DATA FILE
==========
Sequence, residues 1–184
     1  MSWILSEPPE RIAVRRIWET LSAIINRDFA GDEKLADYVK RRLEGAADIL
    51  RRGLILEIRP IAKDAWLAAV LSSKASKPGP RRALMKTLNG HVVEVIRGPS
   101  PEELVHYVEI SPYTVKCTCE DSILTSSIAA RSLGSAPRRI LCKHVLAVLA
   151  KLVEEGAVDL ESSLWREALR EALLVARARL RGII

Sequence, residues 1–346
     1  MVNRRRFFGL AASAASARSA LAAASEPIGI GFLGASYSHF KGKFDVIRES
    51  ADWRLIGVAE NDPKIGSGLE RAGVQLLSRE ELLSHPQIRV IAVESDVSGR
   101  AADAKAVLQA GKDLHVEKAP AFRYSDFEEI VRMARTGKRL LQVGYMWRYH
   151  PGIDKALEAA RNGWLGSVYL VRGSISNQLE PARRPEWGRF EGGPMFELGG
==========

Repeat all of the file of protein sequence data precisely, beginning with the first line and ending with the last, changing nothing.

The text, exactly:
Sequence, residues 1–184
     1  MSWILSEPPE RIAVRRIWET LSAIINRDFA GDEKLADYVK RRLEGAADIL
    51  RRGLILEIRP IAKDAWLAAV LSSKASKPGP RRALMKTLNG HVVEVIRGPS
   101  PEELVHYVEI SPYTVKCTCE DSILTSSIAA RSLGSAPRRI LCKHVLAVLA
   151  KLVEEGAVDL ESSLWREALR EALLVARARL RGII

Sequence, residues 1–346
     1  MVNRRRFFGL AASAASARSA LAAASEPIGI GFLGASYSHF KGKFDVIRES
    51  ADWRLIGVAE NDPKIGSGLE RAGVQLLSRE ELLSHPQIRV IAVESDVSGR
   101  AADAKAVLQA GKDLHVEKAP AFRYSDFEEI VRMARTGKRL LQVGYMWRYH
   151  PGIDKALEAA RNGWLGSVYL VRGSISNQLE PARRPEWGRF EGGPMFELGG